Carly: So with such an aversion to this new program, how did you eventually get involved with the Philadelphia Anti-Graffiti Network?

Rocco: At the time, I was hardcore into my drug addiction and alcoholism, and I was writing on walls all the time. I was a high school drop out. My mom had gotten me a job at McDonalds–I was a cashier and I didn’t like that at all, and I quit. One night I was out and came across the Spring Garden Street Bridge and I’d been walking a route, which means following a bus route and tagging as many walls along the way as possible. At the end-cap of the bridge I saw the Philadelphia Anti Graffiti Network symbol and the signatures of the artists who had painted the mural that ran the length of the bridge. I ex’d out the Anti logo and proceeded to tag the mural 5 or 6 times.

A couple of days later I went to see my tags on the mural. Then I crossed the bridge and walked a few blocks further down Callowhill Street and I saw a crew of people painting a mural and TRAN, a graffiti writer that I knew, up on the scaffolding doing some brushwork. But before I could go connect with him, this woman in paint-splattered overalls, who I thought was just out of her mind, comes off the scaffolding, and she’s got this bucket of green paint, and she starts yelling at me: “I know who you are! I know you’re PEZ and I know you wrote on my mural. I could have you arrested!”

Carly: And is that how you met Jane Golden?

Rocco: And that is how I met Jane Golden! I wanted nothing to do with her, I wanted out of there! She was livid with me. I got away from this woman, and thought, oh that was close! There was a cop across the street, and she could have had me arrested.

Later in the year, I was walking down Broad Street, heading to meet up with some writers. It was very cold outside. At the corner of Broad and Lombard street I saw this huge five story tall scaffolding and Jane was up there with some writers I knew.  I stayed at the edge of the parking lot, thinking that there was no way I was going near her. She came down from the scaffolding, and I thought she was going to threaten me again. But at that moment, out of the blue I apologized for writing on her mural. It had dawned on me, that I didn’t like it when someone ex’d out my work and she hadn’t had me arrested. We talked for a minute or two, and then she offered me the chance to come up on the scaffold and paint. And I thought–out here, now, in broad daylight?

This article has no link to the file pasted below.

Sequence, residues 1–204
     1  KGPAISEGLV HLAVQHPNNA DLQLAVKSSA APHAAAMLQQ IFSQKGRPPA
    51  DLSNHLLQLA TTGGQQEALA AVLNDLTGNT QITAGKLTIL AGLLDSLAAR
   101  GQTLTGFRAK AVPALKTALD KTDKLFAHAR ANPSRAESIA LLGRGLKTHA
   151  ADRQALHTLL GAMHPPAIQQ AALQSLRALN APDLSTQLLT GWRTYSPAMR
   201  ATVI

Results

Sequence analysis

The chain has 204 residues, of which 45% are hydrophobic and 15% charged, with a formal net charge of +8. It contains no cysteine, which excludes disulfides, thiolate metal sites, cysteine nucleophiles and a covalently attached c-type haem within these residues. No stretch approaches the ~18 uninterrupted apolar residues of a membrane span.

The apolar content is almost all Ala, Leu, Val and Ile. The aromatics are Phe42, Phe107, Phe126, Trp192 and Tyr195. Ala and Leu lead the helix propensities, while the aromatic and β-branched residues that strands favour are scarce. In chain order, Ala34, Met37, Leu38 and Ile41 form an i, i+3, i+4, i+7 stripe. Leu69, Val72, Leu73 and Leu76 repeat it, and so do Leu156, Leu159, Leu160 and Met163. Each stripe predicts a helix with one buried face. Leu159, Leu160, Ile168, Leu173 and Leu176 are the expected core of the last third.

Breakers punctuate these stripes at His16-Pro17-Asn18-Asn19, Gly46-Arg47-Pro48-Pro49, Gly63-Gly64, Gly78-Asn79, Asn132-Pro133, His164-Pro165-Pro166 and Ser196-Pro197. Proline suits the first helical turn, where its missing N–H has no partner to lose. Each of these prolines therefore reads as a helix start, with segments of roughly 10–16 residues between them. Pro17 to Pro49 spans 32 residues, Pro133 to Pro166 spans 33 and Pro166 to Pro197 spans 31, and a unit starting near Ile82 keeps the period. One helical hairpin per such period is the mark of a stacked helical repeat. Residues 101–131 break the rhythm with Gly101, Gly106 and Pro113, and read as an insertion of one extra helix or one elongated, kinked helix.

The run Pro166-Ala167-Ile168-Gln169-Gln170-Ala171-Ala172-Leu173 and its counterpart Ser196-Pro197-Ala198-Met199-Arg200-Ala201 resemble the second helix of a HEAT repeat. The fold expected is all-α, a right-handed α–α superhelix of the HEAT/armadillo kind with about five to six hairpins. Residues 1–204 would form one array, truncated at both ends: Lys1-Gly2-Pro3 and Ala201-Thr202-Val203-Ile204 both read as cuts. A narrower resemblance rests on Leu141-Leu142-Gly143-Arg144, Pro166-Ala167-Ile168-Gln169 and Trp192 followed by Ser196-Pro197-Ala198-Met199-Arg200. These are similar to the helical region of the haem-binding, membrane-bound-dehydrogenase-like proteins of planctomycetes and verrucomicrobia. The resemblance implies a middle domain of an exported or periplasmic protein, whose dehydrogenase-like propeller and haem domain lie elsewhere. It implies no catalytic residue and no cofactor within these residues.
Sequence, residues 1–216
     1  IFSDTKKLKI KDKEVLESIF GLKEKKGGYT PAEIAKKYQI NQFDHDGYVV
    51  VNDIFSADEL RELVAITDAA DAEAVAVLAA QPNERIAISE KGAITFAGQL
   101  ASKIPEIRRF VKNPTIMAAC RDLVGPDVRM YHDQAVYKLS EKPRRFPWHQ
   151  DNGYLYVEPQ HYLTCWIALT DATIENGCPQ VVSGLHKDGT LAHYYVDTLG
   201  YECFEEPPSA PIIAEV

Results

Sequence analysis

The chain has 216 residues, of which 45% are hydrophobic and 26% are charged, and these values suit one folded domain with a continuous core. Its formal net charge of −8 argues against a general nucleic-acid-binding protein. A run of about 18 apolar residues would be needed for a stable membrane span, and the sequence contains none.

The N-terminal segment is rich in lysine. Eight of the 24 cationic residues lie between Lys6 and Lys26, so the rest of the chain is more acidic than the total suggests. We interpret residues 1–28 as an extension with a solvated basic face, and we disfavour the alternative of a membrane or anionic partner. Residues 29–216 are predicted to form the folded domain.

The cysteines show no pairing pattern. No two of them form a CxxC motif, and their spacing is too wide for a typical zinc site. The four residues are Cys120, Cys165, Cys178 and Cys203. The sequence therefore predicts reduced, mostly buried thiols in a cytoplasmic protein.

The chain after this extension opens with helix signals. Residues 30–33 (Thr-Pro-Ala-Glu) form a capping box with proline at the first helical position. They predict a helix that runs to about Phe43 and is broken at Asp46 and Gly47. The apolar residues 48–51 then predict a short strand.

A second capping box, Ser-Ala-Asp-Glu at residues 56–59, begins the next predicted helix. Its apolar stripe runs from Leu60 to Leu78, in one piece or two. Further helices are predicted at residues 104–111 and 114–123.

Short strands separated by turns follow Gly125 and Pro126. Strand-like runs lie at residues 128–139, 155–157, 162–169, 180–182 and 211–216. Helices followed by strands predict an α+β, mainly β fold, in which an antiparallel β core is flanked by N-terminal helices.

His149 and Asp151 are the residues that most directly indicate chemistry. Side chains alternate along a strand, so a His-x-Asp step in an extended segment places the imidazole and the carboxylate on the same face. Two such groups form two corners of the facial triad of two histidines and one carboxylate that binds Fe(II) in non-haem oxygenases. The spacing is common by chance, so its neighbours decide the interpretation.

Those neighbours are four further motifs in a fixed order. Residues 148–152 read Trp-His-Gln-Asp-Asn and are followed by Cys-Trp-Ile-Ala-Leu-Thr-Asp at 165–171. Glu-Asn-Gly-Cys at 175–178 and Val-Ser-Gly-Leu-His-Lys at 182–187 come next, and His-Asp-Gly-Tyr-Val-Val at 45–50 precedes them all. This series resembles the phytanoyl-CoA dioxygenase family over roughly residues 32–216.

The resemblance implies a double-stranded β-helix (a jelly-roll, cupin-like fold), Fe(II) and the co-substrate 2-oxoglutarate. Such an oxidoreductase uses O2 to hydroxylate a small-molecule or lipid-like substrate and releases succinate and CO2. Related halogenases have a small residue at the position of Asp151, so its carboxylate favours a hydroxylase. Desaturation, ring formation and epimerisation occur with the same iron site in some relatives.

But I got up on the scaffold and started filling in an area that she pointed to. It was the first time I’d ever used a brush to paint anything. She gave me a little bit of coaching, and then told me that if I came back every day for 30 days, she would see if she could get me a job.

Carly: Wow, what a way to meet Jane!

Rocco: Definitely! The Philadelphia Anti Graffiti Network had been funded to try and eradicate graffiti, to try and get hardcore kids to change their behavior through threats of arrest and cleaning up graffiti. The difference in Jane’s approach was that she didn’t come off as judgmental, saying we’re “bad” and have to be fixed. Jane saw it as a trade-off: she was going to help us, but we were going to help her too. She was going to teach us, but we were going to help her connect with others. And I became part of her crew in 1986.

Carly: What sorts of things did you learn from Jane as a part of her crew?

Rocco: An enormous number of things. I began to learn about responsibility, the importance of showing up for a job, and how to connect with people in the communities that we were painting murals for. When we scoped out a wall for a mural, Jane instructed us to knock on neighbors’ doors, ask them what type of mural they were interested in, and most ironically she had us process the paperwork that gave us (the City of Philadelphia) permission to paint on the wall. Before, we never asked permission – that was the antithesis of what we would do. I worked with Jane and the crew for three and a half years, and it was a huge influence on my life and art. Slowly over the years, I started to feel like my life had meaning and purpose beyond graffiti writing, beyond an identity I had built to survive a very traumatic childhood.

Carly: In what way?

Rocco: What Jane did in the late 1980s was so important to my journey as an artist. She introduced me and others to fine artists and art museums in Philadelphia and NYC. Before I met Jane I had never stepped foot in an Art Museum. My museum was the Market-Frankford El line. Jane also brought in big name contemporary artists to speak with us and work with us. Jane opened up the world of art history to me – of Caravaggio, Wilhelm de Kooning, and Rubens. She helped me redirect my creative fury away from lashing out at a wall and apply it to a message that had meaning on canvas. Graffiti at its core, like any form of art, is a mode of expression, and Jane created an environment where we could express ourselves and also provide a service to communities throughout Philadelphia. My work that will be exhibited in the upcoming Roots & Wings show  encompasses my story, shows Jane’s influence on my creative healing journey, and shows how art can ignite change. There’s no one else out there like Jane Golden, she truly is original.

Carly: Thanks so much, Rocco, and I’m looking forward to seeing your show this fall!

Roots & Wings is on view at the Commonwealth Gallery from September 22 – December 15. Please join us on September 22 from 5:30-7:30 p.m. for an opening reception.

Last updated: Sep 12, 2016